An Adjustable Rate Mortgage (ARM) is a mortgage loan with an interest rate that changes, usually several times, over the term of the loan. The interest rate typically starts out at a “below-market rate” to provide a lower monthly payment for the first year or two, then slowly begins to move up to a rate that is typically above the market rate. This is how the rate “adjusts” from low to high to average an interest rate that would approximate a fixed rate. The idea being that as your income increases over the years it will keep up with the increasing rate adjustments, allowing you to buy a more expensive home now rather than waiting for the increased income level.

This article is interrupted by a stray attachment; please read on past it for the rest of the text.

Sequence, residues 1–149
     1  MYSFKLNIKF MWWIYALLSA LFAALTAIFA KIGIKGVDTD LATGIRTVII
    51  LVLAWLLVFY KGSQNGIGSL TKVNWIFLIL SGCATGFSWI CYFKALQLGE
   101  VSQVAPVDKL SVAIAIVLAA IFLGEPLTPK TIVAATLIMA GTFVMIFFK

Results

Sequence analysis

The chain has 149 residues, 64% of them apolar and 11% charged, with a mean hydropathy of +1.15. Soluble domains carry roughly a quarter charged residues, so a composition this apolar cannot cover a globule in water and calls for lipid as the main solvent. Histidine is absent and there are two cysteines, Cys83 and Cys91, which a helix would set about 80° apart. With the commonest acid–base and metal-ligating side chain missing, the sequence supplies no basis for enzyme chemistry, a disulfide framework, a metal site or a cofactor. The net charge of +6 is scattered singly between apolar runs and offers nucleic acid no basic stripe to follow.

An ARM is a different loan product than a fixed-rate loan, obviously. A fixed-rate mortgage loan carries the same interest rate throughout its term. A hybrid ARM is a combination of an adjustable rate mortgage loan and a fixed-rate mortgage loan. They typically allow for a fixed rate for a period of time and then adjust upward, or vice versa: they allow for an adjustable rate for the first three to five years, then stay fixed for the remainder of the term. Often, the rate adjustment is “capped”, which means it can’t go up more than a set amount during the adjustable rate period. For example, a 5/1 adjustable rate mortgage loan is one that can go up no more than one percent per year for the first five years, then the rate becomes fixed. There are variations of this, but a 3/1 and a 5/1 are the most common.